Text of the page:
The State of Clean Technology in Europe

Oct 13, 2020


In this blog post, Ralph van Aken, Vice President of Sales and Program Management for the Healthcare and Clean Technology Global Business Unit in Europe, and Jonathan (Joey) Evans, UK Country Sales Manager for the Healthcare and Clean Technology Global Business Unit, address the current landscape of clean technology in Europe, along with developments within the United Kingdom specifically.

Overall vision for Clean Technology in Europe
  Ralph: DLL has been servicing the clean technology market for more than ten years and we have learned a lot of lessons along the way.

Currently, we are focused around three pillars:

  • Working closely with vendor partners to go to market
  • Structured transactions, focused on structuring directly for the end-customer
  • Retail approach, where we go to market through stores and dealers

Right now, there is a lot of movement in the market. However, we have strong traction across our pillars in energy performance contracts, solar, electric vehicle (EV) charging stations, HVAC (heating, ventilating, and air conditioning) and CHP (combined heat and power). We are seeing small and medium enterprises, as well as consumers, transitioning to solar-powered solutions. There is a strong push from governments to become cleaner (read more about how this impacts the UK, in particular, in our recent whitepaper). In fact, stimulus packages resulting from COVID-19 are including conditions that certain investments must be green investments. In some countries – Spain and Italy, in particular – there is allocated money available to subsidize clean technology investments.

Ralph van Aken
Ralph van Aken
While [clean technology] is a challenging market, there are a lot of opportunities within it. Our team is dedicated to serving the market, and we feel a responsibility to do more."

Vision for Clean Technology in the UK
Joey: In the UK, DLL has been active in clean technology since 2012. Our go-to-market strategy is designed around energy efficiency solutions that would ultimately pay for themselves, rather than focusing on renewable energy, which is reliant upon grants and government subsidies.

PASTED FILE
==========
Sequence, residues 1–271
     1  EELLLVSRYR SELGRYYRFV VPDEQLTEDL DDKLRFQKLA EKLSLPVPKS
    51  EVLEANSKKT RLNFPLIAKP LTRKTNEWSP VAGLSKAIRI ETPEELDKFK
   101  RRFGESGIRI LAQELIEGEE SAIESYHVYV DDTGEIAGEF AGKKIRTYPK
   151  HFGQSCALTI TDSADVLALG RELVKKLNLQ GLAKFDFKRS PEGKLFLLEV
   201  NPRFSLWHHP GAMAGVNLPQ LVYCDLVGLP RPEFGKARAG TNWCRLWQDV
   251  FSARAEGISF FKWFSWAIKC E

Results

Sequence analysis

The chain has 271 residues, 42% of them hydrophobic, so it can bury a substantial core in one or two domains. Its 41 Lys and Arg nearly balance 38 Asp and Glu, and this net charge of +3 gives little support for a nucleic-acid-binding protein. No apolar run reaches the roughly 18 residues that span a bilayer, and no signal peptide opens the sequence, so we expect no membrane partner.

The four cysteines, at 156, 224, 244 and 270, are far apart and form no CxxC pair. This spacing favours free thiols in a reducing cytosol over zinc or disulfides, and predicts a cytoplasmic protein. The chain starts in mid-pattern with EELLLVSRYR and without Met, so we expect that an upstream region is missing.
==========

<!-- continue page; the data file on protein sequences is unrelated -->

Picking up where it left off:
In the UK, we are focusing on two pillars, specifically. First, we are focusing on offering structured finance solutions, which present some larger opportunities – like partnering with the National Health Service. Many healthcare systems use large energy centers from which they generate energy, but they are becoming outdated and in need of replacement. Financing can support replacing these with CHP boilers, building controls, LED lighting and much more. These energy efficient solutions can generate significant savings for the hospitals.

Our second focus area is around retail and smaller transactions. This area includes LED lighting, HVAC, ground source heat pumps and battery storage.

Post-pandemic, it is likely that many companies will be more conscious of their energy costs to preserve cash. In the UK, we believe there will be increased demand in the smaller markets as companies will want to ensure they are efficient and sustainable for the future.

Government regulations in the UK
Joey: Right now, there is a lot of emphasis on energy efficiency and reducing carbon emissions in the UK. We were the first of the G20 countries to announce our plans to be carbon neutral by 2050. To meet that promise, there are several government initiatives that have been implemented. One example of those initiatives is the Industrial Energy Transformation Fund, which is a £350M grant fund available to companies to invest in energy efficiency equipment through 2024. This helps to stimulate the market as companies begin investing more in these technologies. Financing can support this as some companies may receive a grant for a portion of these investments, while the rest can be financed to fund the difference.

Another example is the Heat Network Investment Project, which is a stimulus of about £320M provided by the UK government to build heat networks. These networks will serve as a central heating and hot water supply for neighborhoods, rather than houses having individual boilers.